share:

Cooley's Park was taken during one of the expeditions Timothy O'Sullivan made out West in the late nineteenth century in Nevada, Arizona, and Colorado. O'Sullivan was assigned to join Lt. George M. Wheeler on the Geological Surveys West of the One Hundredth Meridian, where he was part of a team required to photograph the topography and towns as well as Native Americans. This image was taken in Arizona, close to the canyons and rock dwellings where several tribes were living at the time.


O'Sullivan's Western photographs represent not only an explorer's first encounter with a startling new terrain, but also an artist's vision of the power of nature, at once threatening and awesome. Traversing American frontiers of land and photography, O'Sullivan encountered the Western wilderness and documented the outposts of an advancing civilization.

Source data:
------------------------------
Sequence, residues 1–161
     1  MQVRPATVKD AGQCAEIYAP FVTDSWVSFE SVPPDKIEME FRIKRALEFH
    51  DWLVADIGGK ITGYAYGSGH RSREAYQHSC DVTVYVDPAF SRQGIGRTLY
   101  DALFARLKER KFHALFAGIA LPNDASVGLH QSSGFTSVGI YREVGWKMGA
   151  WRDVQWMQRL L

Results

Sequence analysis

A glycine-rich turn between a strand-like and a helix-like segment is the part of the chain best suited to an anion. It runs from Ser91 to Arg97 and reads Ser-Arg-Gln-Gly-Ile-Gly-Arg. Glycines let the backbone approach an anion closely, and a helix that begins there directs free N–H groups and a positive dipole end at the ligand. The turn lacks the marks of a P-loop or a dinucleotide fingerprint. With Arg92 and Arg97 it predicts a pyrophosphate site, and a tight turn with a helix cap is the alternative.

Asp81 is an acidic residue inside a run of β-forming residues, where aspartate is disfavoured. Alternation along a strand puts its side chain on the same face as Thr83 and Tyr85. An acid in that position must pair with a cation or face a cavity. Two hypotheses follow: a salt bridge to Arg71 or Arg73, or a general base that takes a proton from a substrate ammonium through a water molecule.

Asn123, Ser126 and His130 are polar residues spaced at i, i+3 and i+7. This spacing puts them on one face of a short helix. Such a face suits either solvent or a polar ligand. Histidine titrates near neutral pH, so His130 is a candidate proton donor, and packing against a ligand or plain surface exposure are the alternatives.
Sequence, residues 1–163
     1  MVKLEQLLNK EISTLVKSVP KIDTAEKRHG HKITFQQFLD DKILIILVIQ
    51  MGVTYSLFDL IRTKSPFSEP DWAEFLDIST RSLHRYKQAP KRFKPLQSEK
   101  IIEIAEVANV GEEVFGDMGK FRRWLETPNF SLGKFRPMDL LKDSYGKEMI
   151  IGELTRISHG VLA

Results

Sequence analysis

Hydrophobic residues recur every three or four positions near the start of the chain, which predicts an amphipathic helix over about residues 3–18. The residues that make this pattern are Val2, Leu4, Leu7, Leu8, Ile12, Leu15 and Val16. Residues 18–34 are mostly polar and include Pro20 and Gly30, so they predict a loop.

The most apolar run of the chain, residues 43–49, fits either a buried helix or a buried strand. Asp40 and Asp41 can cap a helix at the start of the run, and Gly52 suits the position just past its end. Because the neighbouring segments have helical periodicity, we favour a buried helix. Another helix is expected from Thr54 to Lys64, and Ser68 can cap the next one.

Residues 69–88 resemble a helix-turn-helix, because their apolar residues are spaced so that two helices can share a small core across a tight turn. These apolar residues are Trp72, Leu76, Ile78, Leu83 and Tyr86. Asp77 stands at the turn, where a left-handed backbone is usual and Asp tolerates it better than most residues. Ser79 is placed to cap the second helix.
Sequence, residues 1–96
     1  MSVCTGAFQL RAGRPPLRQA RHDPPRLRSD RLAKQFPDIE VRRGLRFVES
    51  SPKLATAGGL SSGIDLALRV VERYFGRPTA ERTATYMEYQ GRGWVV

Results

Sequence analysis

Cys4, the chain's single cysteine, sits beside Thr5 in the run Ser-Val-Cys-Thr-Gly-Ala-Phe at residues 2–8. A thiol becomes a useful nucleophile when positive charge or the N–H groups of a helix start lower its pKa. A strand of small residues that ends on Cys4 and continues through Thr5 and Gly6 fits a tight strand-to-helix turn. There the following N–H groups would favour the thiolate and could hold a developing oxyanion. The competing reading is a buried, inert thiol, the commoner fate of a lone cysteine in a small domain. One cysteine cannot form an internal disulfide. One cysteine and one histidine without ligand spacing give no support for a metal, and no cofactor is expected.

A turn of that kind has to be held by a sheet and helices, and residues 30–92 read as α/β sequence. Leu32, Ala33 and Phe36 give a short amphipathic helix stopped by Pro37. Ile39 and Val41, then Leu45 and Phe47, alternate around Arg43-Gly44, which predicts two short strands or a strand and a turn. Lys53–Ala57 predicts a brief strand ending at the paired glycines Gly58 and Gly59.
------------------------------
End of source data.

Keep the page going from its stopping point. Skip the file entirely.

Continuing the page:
Timothy H. O’Sullivan (1840–1882) was one of the most important American photographers of the nineteenth century. Employed by Mathew B. Brady and Alexander Gardner, he made iconic images of the American Civil War. He then served as the official photographer for three U.S. government survey expeditions,  working alongside geologists, naturalists, and surveyors: the Geological Exploration of the Fortieth Parallel (or “King Survey”) of 1867–69 and 1872; the Darien (Isthmus of Panama) Expedition of 1870; and the Geological Surveys West of the 100th Meridian (or “Wheeler Survey”) of 1871 and 1873–74. 

You may also be interested in: